Life balance concept with young woman using her laptop in a chairYou love your students, and you love your job. You can’t help but want to work on a new lesson plan at night when a creative idea inspires you, and you’re always willing to meet with a concerned parent. On the other hand, there are also the days when you carry home the stress of underperforming students or ongoing discipline issues. All of these compounding and time-consuming situations can quickly start to eat away at your personal time and can begin to make you feel like the scales of work-life balance are tipping too heavily toward your classroom responsibilities.

Teachers are vital to the success of our communities, which is essentially one of the reasons that it’s essential to carve some time out to take care of yourself. Finding time for your interests, hobbies, and health is the key to your overall mental and physical wellness. To help you realign the scales to a more equitable balance between work responsibilities and personal interests, follow the five tips below.

  1. Make Wellness a Priority. Teachers often start their days early and sometimes stay at school late, especially if they are responsible for supervising extracurricular activities. Practicing exercise, meditation, and healthy eating can go a long way to prepare you to take on the rest of your responsibilities. Start small. Commit to do one thing each day for yourself, whether it be an after work spin class, a walk around the block at lunchtime, or packing a healthy lunch the night before instead of ordering take out. Healthy food and exercise replenish a healthy body and mind, and will give you the energy you need to face whatever the day brings.
  2. Remember That You Can Say No. The most dedicated educators want to do everything they can to support their students and further their district’s goals. Accept that you cannot say yes to every request or you may be spread too thin. Decide how much cumulative time you can commit to your home, work, and social life on a daily or weekly basis, and say no to any requests that exceed that limit.
  3. Work Smarter—Not Harder. Identify the practices that are most influential in producing positive academic results for your students and focus 80 percent of your time on those initiatives. Cut out the non-essential yet time-consuming tasks that keep you late in your classroom, like providing lengthy feedback on assignments or decorating.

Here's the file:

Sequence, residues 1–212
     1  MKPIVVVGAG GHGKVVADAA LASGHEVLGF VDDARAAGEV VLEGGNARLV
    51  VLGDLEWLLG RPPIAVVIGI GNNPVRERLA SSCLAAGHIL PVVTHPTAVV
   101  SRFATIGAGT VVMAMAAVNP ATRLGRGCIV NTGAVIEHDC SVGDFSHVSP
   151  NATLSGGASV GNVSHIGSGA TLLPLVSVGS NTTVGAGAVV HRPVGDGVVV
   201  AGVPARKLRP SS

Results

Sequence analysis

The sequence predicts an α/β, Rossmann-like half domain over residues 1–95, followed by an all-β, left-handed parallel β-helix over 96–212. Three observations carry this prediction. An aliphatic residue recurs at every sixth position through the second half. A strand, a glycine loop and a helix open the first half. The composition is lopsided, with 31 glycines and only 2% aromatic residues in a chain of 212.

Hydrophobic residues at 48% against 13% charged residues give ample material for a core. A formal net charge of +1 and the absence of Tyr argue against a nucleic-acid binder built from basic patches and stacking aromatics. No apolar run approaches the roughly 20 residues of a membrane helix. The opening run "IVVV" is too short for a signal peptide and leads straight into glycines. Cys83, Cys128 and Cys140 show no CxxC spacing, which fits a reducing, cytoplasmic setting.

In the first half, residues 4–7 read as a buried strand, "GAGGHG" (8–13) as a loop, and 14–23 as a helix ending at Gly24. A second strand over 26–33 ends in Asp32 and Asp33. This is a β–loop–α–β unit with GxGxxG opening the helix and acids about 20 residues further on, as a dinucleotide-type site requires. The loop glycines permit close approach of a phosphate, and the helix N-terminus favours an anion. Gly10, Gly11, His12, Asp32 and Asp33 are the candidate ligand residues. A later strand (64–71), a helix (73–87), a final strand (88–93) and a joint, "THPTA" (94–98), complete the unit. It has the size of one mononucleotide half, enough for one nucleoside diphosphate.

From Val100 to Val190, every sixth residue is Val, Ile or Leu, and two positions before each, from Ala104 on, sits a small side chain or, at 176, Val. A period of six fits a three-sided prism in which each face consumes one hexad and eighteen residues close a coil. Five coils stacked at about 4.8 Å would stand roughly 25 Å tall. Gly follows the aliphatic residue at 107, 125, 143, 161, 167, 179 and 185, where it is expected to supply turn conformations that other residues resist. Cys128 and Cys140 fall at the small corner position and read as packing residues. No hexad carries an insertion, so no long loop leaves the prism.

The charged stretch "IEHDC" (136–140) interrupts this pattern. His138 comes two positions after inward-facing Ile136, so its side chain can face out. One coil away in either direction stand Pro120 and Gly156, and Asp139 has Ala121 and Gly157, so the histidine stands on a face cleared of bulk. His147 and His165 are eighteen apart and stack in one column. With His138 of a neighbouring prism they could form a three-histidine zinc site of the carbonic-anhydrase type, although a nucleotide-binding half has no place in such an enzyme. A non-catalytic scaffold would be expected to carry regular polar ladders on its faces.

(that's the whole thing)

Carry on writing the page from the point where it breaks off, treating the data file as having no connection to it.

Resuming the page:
4. Prioritize Your Time During the School Day. By prioritizing your critical responsibilities, such as grading and planning during free periods while you are at school, you can minimize the amount of work you need to bring home. Start your day with a list of items you absolutely have to do and cross them off as you go!
  5. Give Yourself a Break. Much of what motivates teachers to put in extra hours is the concern that they aren’t doing enough to help their students succeed. Accept that even the best teachers can only push their students so far and that no one has complete control over student progress. By taking the time to think strategically, identify impactful practices, and collaborate with school leaders and parents, you give every student the best opportunity to succeed.

Being the best teacher you can be doesn’t mean sacrificing everything else in your life—including friends, family, and hobbies—to your career. If you give away too much of yourself, the stress can begin to negatively affect your mood, engagement levels, health, and your effectiveness in the classroom. By taking the time for yourself that you need to maintain a balance between work and your personal life, you’ll find yourself more inspired, motivated, and happy to be the best teacher you can be for your students.

Your Turn

Do you have any tips or ideas to help other teachers find work-life balance? If so, please comment below. We’d love to hear from you!

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